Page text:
MEDIA WATCH: Chicago charter school frauds begin coming into public eye... CTU researcher Sarah Hainds takes on INCS Andrew Broy on WTTW

With the debates over the Chicago Public Schools budget and major policies now coming to the forefront in Chicago, a recent WTTW Chicago Tonight show on charter schools shows the huge gap between the official line of Chicago's 100 charter schools and so-called "campuses" and the realities (and impact) of charter schools in Chicago. After more than a decade of charter school expansion in Chicago — driven by the ideology of two mayors and four CPS administrations — the public policy debate is finally catching up with the reality, and as the debate over the contract between the CTU and the Board of Education intensifies, the charter school drain on Chicago's real public schools comes into brutal focus.

At WTTW, Sarah Hainds from the CTU's research department, answered questions from WTTW while Andrew Broy of the Illinois Network of Charter schools evaded them. The URL is:

By the end of the day on July 25, 2012, following the outbursts from charter school operators and proponents at the Board of Education meeting, doubtless there will be even more focus on the charter schools in the public debate. The main point at this point in history is that CPS has never honestly explained the complete costs of the 100 charter schools and so-called "campuses" in Chicago, nor has CPS forced the charter schools to be fully transparent in their finances. As a result, many of the highest-paid public school officials in Chicago (and, indeed, Illinois) are charter school executives whose pay and benefits are kept from the public, while many of the lowest paid teachers in Chicago (and Illinois) are the novice teachers who are hired and churned through the city's charter schools every year.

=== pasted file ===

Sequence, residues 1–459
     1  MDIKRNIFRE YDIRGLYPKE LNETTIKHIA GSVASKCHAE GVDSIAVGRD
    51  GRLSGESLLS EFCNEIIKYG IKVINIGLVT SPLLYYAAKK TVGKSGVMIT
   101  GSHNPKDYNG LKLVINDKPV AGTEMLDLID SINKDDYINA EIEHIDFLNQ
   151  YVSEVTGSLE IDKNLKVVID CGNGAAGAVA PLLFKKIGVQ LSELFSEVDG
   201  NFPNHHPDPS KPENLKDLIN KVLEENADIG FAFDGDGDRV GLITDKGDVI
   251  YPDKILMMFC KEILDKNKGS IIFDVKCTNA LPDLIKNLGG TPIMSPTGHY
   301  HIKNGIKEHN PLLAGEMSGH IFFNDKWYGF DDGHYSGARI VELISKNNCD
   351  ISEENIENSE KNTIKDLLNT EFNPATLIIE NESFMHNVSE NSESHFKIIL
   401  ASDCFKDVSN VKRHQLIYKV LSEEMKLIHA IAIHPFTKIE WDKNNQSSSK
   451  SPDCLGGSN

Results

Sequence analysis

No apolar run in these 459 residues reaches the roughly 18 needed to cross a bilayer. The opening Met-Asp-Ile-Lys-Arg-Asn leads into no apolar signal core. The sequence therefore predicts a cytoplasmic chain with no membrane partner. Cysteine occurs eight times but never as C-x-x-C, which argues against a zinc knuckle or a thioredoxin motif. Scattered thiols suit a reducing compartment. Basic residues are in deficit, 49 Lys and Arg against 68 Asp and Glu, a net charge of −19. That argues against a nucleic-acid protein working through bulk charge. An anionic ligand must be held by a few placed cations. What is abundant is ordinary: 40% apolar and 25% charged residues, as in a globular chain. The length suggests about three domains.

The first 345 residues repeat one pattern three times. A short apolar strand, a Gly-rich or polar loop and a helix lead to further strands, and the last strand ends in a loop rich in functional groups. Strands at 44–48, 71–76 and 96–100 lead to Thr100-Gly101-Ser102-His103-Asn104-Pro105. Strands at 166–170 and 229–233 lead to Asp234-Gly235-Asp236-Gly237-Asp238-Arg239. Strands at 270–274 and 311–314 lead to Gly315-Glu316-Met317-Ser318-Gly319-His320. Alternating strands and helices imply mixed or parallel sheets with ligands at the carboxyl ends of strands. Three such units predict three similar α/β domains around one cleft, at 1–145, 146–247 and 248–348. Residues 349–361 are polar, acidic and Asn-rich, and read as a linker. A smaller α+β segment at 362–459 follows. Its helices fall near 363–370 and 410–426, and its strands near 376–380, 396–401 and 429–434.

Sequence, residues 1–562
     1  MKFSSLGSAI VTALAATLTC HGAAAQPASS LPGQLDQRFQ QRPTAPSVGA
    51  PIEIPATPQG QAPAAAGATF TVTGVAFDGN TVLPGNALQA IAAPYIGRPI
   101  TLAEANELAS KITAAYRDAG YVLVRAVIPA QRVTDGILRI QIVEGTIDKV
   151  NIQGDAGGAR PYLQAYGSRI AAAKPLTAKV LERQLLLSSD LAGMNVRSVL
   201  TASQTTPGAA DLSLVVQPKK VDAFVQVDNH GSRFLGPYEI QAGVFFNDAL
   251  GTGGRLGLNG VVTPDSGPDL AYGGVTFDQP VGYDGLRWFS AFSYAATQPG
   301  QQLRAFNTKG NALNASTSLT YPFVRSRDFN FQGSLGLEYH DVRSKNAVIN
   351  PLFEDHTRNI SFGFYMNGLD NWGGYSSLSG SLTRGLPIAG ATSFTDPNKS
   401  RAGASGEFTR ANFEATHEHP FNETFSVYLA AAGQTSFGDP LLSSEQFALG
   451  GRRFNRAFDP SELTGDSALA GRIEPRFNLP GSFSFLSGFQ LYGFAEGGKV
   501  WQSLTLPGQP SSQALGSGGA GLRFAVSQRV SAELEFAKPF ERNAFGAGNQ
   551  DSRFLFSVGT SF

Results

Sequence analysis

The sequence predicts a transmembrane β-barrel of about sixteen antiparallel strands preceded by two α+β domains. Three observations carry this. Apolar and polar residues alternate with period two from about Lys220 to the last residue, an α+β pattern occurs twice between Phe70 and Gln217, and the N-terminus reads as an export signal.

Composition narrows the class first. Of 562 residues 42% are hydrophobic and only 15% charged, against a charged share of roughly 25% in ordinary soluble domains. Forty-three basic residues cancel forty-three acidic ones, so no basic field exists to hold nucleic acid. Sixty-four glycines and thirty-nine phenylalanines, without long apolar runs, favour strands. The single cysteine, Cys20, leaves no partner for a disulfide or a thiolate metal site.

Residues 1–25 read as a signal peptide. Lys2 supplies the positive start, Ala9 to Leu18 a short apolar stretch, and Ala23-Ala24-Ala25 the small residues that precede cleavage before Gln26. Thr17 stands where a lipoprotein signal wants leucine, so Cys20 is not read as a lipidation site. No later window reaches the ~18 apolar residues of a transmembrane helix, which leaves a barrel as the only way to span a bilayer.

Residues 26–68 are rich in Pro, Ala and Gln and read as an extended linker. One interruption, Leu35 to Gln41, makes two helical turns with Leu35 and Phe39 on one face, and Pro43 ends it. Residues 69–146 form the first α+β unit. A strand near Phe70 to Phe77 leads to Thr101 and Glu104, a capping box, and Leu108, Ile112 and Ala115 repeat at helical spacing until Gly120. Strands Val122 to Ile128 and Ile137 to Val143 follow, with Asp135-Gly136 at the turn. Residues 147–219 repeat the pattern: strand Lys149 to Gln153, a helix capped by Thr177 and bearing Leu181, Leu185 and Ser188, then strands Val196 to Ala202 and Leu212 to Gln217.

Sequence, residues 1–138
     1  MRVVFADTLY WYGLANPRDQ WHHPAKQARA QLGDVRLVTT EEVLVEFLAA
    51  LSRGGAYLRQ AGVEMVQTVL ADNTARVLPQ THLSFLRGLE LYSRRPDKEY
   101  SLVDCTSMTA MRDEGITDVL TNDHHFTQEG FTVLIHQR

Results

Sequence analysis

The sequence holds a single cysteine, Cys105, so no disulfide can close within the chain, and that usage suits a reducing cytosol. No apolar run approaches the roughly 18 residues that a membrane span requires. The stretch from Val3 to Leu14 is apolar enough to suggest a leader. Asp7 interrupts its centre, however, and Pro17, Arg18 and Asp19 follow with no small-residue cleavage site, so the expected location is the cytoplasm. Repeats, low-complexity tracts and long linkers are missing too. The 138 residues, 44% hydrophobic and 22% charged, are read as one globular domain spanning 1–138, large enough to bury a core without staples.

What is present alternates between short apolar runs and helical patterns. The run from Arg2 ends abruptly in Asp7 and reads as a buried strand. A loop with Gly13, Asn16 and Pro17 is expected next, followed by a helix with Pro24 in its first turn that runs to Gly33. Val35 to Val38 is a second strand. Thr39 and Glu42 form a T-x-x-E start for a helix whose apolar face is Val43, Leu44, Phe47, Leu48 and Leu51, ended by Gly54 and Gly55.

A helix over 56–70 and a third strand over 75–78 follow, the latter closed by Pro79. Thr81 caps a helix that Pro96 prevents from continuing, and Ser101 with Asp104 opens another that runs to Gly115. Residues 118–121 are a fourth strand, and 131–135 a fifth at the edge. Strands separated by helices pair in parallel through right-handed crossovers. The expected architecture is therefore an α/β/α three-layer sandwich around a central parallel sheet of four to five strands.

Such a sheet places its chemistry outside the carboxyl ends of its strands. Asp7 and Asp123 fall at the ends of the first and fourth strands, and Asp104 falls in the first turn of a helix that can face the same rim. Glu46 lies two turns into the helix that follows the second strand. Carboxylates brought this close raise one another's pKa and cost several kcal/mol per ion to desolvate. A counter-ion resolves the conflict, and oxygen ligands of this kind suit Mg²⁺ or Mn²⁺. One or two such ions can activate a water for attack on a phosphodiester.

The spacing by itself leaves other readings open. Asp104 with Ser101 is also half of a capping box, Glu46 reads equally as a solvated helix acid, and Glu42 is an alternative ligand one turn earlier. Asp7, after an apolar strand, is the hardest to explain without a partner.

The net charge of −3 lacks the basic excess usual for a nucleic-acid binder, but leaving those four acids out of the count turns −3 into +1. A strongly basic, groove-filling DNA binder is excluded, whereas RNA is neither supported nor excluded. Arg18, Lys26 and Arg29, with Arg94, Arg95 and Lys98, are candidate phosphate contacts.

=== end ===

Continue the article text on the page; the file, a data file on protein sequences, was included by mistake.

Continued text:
The proposal by Jean-Claude Brizard and the CPS administration that an additional $76 million be allocated to Chicago charter schools in the 2012 - 2013 school year has sparked outrage, and many critics are now calling for a two-year freeze on the expansion of Chicago charter schools and so-called "campuses" while complete transparency is finally mandates, an accounting of the charter schools "push out" phenomenon is exposed (a practice of Noble Street charters, in particular) and other factors are examined. The free ride for Chicago's ever expanding charter schools may finally be ending, but accountability and transparency, after more than 15 years of Chicago charter schools experiments are still a long way away.

Missing from the WTTW discussion were Jean-Claude Brizard or Tim Cawley of the CPS administration, who have simply declared that charter schools are a good program that Chicago must continue to expand, or Penny Pritzker of the Chicago Board of Education, whose family has promoted and funded the fraudulent Noble Network of Charter Schools (which are the schools Mayor Rahm Emanuel claims to be the "best non-selective enrollment high schools in Chicago...") while supporting the ongoing attacks on the city's real public schools. (Noble charter schools routinely kick out their at risk and low scoring students and have done so since Michael Milkie left Wells High School to found Noble Street more than a decade ago; the result is that the high test scores, ACT scores, and graduation rates of Noble Street that are hailed by Pritzker, Emanuel, and CPS administrators are based on an accounting fraud little different from others practiced routinely by the business leaders who claim they have a superior way to manage education in the USA). 


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